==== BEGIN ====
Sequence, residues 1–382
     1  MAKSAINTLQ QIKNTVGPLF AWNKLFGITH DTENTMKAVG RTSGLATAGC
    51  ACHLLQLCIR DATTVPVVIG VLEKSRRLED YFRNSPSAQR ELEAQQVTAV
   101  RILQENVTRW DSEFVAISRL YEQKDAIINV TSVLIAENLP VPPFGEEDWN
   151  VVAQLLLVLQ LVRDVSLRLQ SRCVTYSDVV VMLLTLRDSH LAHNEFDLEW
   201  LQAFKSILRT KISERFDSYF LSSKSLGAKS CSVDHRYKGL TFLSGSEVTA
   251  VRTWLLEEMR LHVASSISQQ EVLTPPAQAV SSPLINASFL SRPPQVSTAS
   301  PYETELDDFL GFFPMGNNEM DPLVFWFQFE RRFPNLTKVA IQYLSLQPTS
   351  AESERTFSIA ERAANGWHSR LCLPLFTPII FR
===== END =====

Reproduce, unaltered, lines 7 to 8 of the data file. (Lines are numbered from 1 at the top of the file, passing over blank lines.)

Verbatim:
   251  VRTWLLEEMR LHVASSISQQ EVLTPPAQAV SSPLINASFL SRPPQVSTAS
   301  PYETELDDFL GFFPMGNNEM DPLVFWFQFE RRFPNLTKVA IQYLSLQPTS